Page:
Coverage of The White House Gender Policy Council - 2021
Boy, 6, hit with sex harass rap
The Boston Herald, Boston, Massachusetts, U.S.A., By Laura Crimaldi and Casey Ross, February 8, 2006
An irate Brockton mother is refusing to let her 6-year-old son return to school after he was suspended for alleged sexual harassment, a term deemed preposterous for a first-grader by a leading sexual harassment expert.
My son doesn't know what sexual harassment is, said Berthena Dorinvil. He keeps saying to me, Mommy, why are they being so mean to me? What did I do wrong?
Dorinvil's son, a first-grader at Downey Elementary School, was suspended for three days Jan. 30 after school officials accused him of inappropriately touching a girl in his class.
Dorinvil said school officials told her the boy had put two fingers inside the waistband of the girls pants and touched her skin, causing the girl to complain to teachers.
I think to call it sexual harassment is preposterous and it trivializes the episodes that really are sexual harassment, said sexual harassment and bullying expert Nan Stein, who is a senior research scientist at Wellesley Colleges Center for Research on Women. I applaud them for their vigilance, but they have to use better terminology with kids.
According to the Brockton schools Web site, sexual harassment is defined as repeated, unwanted, or unwelcomed verbalisms or behaviors of a sexist nature related to a persons sex or sexual orientation. In addition sexual harassment includes unwelcomed sexual advances, requests for sexual favors, and other verbal or physical conduct of a sexual nature.
The policy also includes a six-step process for reporting and investigating sexual harassment allegations. The policy requires a written account of the alleged harassment submitted by the accuser and a meeting between the alleged harasser and a principal or school administrator.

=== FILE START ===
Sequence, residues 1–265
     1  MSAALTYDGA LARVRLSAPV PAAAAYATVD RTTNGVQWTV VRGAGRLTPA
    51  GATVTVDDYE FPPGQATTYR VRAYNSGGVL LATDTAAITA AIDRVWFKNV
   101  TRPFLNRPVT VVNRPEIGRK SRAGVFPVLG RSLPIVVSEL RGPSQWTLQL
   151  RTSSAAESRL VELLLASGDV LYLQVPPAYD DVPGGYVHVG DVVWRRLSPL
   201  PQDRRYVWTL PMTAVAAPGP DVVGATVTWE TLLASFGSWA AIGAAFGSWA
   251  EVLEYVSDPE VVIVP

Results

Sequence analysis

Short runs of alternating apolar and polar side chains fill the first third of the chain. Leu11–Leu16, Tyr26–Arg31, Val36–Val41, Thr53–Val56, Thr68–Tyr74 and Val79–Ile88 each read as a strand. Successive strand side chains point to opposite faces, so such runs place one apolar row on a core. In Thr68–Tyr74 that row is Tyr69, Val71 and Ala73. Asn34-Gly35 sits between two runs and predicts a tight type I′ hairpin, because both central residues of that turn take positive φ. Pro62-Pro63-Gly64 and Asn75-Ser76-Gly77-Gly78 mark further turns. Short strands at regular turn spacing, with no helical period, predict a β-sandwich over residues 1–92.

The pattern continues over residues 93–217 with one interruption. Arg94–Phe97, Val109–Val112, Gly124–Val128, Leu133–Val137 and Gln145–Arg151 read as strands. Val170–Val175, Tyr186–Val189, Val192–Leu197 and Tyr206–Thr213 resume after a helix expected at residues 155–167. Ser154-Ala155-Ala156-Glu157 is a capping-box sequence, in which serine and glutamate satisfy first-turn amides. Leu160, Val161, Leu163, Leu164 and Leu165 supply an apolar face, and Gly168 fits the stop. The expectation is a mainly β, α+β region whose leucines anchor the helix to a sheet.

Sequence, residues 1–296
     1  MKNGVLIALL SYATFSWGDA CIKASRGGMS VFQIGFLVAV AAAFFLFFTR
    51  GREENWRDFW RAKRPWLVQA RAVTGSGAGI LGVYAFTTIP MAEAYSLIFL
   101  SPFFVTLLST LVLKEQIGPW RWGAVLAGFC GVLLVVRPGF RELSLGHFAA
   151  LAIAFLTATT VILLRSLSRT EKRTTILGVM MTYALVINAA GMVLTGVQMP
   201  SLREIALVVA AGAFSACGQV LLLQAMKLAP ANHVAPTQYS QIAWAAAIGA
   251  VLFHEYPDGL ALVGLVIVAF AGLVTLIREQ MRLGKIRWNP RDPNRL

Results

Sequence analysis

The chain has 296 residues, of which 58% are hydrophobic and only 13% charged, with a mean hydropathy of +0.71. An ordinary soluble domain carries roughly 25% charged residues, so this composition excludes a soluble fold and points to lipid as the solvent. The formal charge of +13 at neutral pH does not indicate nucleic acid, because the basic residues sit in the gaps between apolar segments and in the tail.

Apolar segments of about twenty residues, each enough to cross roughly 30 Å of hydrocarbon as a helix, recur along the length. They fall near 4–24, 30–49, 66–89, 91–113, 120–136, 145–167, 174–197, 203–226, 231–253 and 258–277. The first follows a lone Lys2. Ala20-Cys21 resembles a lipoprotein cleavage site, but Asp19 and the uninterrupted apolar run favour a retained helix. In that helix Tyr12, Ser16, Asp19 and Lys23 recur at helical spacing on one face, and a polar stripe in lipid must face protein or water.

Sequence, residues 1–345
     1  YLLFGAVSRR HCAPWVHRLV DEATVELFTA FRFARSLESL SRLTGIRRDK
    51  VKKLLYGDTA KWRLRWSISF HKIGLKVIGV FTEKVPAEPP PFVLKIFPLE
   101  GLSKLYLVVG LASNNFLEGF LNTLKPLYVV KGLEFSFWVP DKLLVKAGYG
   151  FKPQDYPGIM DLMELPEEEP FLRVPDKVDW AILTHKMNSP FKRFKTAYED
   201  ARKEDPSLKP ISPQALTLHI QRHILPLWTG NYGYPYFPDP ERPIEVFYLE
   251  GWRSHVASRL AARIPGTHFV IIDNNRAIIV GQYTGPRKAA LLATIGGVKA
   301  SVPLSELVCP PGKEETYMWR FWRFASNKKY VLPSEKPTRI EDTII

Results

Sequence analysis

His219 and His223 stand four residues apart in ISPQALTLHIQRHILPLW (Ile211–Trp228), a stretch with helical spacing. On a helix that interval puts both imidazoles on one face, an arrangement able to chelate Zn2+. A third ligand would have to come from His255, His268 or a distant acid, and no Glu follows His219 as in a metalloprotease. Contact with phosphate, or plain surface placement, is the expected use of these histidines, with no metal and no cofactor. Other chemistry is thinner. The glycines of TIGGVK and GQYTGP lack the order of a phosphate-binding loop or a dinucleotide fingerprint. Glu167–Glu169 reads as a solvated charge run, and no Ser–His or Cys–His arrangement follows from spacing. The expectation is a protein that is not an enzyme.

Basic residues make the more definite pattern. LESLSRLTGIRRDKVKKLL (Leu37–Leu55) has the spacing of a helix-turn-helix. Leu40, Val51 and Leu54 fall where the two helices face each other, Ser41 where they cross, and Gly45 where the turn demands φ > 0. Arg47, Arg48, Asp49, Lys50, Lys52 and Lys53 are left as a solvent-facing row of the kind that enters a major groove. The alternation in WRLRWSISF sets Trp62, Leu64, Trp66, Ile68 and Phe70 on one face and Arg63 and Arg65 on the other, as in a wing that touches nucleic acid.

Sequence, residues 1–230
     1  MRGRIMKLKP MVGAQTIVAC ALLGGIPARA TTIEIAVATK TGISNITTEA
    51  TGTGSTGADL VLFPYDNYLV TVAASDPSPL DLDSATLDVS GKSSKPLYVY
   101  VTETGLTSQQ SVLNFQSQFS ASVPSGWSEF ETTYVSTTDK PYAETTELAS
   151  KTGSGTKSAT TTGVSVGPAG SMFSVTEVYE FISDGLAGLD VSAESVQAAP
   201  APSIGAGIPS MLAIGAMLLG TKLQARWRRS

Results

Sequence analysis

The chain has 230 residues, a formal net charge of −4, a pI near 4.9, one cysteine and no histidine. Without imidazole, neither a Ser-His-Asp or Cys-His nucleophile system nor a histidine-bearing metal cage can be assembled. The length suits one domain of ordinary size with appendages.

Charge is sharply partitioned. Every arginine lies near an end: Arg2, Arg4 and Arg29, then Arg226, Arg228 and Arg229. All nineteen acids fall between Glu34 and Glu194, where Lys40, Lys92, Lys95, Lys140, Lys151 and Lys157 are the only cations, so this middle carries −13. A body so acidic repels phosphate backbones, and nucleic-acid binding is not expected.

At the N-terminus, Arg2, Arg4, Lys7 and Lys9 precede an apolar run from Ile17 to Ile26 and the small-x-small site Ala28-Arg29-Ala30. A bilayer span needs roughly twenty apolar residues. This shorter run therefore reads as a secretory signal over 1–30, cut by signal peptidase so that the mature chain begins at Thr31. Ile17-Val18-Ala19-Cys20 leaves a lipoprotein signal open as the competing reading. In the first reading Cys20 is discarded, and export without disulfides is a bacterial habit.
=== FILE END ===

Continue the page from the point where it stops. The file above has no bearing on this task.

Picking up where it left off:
The state Department of Education requires each school to develop a non-discrimination policy which covers harassment and bullying, said spokeswoman Melanie Winklosky. Schools are expected to explain those policies in age-appropriate language, Winklosky said.
Dorinvil said no one contacted her about their concerns until Jan. 30 when she was instructed to pick her son up from school.
When I got there, they had all this paperwork in front of them, Dorinvil said. They said they had already called the district attorney and school police.
I was shocked. I was crying. I was out of control because I see that this is not fair, Dorinvil said.
Brockton schools spokeswoman, Cynthia E. McNally, said administrators followed the school policy in investigating the harassment claims. She declined to say whether the boy was previously disciplined for his treatment of this female classmate.
We take all allegations of sexual harassment very seriously, Superintendent Basan Nembirkow said in a statement. An investigation is always conducted when reports of sexual harassment arise. The school declined further comment, citing private student records.
Dorinvil said her son had never been in trouble at the school before and expressed disbelief that her son was treated so harshly.
I asked them, "Did my son commit a felony?" I told them that this is discrimination, she said.